In boys, the rapid development of the hypothalamus sends signals to the pituitary gland, which sends an overflow of testosterone. This process triggers a preoccupation with sexual thoughts, fantasy, and curiosity, which can make it harder to focus on school or other responsibilities. For boys, it is normal to have “wet dreams,” which are defined as nighttime ejaculation, which may initially surprise or embarrass them. Masturbation, too, becomes more common. The sex drive in boys and girls is connected to dopamine — the “feel good” hormone.
The hypothalamus also signals changes in the hormone levels that are responsible for the awakening of sexual interest in girls. For both boys and girls, testosterone triggers the sex drive. While boys are more likely to view girls in a sexually objective way, girls are more likely to focus on relational aspects of sexual attraction. Falling in love is not all about sex.
The brain response to someone in love can be compared to someone under the influence of cocaine. Dr. Stanton Peele wrote in his book, Love and Addiction, “From the brain’s point of view, at least, falling in love is as powerful as a cocaine high: dopamine (feeling good), norepinephrine (reacting quickly), and serotonin (mood), are all in play while falling in love.” Many parents believe that sex should be delayed until adulthood or marriage. Whether or not parents like it, many teens have sex and get into trouble because of it. Many parents still find these conversations awkward and so avoid having them with their teens. Luckily, the rates of teen pregnancy have decreased by 30 percent over the past decade. The average age for teens to start having intercourse is 15. More teens have access to condoms and use them then they did in the past. Many teens do not consider oral sex to be risky because it doesn’t lead to pregnancy. Unfortunately many of them still do not consider the risk of contracting sexually transmitted diseases.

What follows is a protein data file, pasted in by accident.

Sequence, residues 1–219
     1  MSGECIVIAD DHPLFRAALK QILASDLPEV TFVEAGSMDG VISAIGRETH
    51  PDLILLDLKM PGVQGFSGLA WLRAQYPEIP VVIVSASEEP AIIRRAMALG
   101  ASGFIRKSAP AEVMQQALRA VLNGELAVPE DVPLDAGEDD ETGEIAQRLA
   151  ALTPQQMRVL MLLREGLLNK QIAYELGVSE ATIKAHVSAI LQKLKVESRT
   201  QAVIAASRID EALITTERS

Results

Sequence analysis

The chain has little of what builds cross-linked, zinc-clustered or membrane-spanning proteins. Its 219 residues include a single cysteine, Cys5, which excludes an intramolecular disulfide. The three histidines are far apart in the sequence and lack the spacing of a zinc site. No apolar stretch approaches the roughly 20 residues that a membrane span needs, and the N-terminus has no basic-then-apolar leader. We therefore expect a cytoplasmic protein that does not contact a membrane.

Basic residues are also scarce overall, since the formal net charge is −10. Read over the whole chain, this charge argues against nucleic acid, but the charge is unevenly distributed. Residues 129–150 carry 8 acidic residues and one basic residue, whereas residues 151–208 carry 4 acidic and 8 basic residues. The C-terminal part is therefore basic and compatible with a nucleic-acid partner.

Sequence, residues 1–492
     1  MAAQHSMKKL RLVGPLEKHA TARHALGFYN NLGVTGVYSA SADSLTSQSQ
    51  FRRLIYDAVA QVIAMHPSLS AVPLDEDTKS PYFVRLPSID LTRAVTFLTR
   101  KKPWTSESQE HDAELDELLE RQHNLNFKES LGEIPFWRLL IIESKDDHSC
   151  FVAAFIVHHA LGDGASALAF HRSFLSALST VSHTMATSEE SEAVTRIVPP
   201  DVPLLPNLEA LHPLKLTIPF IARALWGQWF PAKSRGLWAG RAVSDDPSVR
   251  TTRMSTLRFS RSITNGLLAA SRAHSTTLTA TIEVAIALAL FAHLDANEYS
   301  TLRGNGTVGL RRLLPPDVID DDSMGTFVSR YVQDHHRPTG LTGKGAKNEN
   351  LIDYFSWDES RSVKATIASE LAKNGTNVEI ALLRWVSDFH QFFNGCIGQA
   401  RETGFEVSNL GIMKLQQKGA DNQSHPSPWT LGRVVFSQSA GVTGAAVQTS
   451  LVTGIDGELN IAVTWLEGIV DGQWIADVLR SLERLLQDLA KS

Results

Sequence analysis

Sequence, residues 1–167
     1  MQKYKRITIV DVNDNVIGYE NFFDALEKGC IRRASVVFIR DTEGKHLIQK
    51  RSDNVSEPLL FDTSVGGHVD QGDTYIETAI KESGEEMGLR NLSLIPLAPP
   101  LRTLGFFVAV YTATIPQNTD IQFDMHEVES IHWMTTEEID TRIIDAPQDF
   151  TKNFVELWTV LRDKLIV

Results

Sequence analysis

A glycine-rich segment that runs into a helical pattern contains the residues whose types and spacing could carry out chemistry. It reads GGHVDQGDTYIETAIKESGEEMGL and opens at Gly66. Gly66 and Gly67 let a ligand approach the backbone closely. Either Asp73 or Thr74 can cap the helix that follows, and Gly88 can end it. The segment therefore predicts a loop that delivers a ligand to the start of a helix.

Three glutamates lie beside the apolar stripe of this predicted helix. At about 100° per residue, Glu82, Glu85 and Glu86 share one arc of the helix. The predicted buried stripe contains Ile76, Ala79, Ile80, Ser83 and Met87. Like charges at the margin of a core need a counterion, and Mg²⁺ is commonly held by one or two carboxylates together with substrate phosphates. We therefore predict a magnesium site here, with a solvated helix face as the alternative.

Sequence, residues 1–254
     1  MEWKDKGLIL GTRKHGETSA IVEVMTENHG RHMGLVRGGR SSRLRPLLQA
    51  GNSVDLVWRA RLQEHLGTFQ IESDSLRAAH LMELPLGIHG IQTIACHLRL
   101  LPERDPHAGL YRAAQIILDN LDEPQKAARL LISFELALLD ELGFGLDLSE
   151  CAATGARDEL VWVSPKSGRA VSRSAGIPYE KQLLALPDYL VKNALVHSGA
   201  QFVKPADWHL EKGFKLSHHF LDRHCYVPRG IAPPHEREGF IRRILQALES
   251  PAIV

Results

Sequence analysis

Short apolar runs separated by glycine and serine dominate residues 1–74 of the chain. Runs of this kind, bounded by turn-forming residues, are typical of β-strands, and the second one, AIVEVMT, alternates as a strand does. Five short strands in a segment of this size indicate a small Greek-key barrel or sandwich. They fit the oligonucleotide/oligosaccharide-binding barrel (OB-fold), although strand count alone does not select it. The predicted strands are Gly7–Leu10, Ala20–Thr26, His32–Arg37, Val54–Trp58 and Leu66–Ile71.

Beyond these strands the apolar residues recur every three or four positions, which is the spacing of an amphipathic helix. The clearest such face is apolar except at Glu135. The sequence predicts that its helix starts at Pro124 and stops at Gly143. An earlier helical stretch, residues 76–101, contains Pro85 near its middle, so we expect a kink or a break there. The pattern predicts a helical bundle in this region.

Suggestions for parents
It’s essential that parents deal with their own discomfort when talking about sex with their teens so that teens can hear a different voice than what they hear from their friends or the media. It is also necessary for parents to love and accept their teen regardless of their sexual identity. It is important to have conversations with your teen about birth control, sex, sexuality, and STDs. It’s also important to know who their friends are, who they may feel attracted to, and to discuss values such as respect, honesty, and authenticity in relationships. Whenever they are talking, really listen and ask questions when you don’t understand.
I find that this is important information that brings to light what teens are going through and will help with calmly meeting a teen who is struggling with intense emotions. Interestingly, after talking with teens about these changes in their development, I’ve never had any of them try to use it as an excuse for their behavior. Not that I would be entirely surprised if that happened, but what I’ve noticed is that talking about this with them seems to validate their experiences and they seem to settle a bit afterwards as they are taking it in.
Learning about the teen brain helps parents understand the value of focused, calm parenting and also helps create compassion. Teenagers are not in control of their developing brains!